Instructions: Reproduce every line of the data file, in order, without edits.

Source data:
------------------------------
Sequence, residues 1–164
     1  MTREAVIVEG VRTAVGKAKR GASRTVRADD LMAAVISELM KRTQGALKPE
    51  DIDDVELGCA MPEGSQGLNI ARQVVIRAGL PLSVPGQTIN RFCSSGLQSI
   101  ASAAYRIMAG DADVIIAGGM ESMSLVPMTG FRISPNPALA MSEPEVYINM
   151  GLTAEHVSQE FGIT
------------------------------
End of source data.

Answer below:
Sequence, residues 1–164
     1  MTREAVIVEG VRTAVGKAKR GASRTVRADD LMAAVISELM KRTQGALKPE
    51  DIDDVELGCA MPEGSQGLNI ARQVVIRAGL PLSVPGQTIN RFCSSGLQSI
   101  ASAAYRIMAG DADVIIAGGM ESMSLVPMTG FRISPNPALA MSEPEVYINM
   151  GLTAEHVSQE FGIT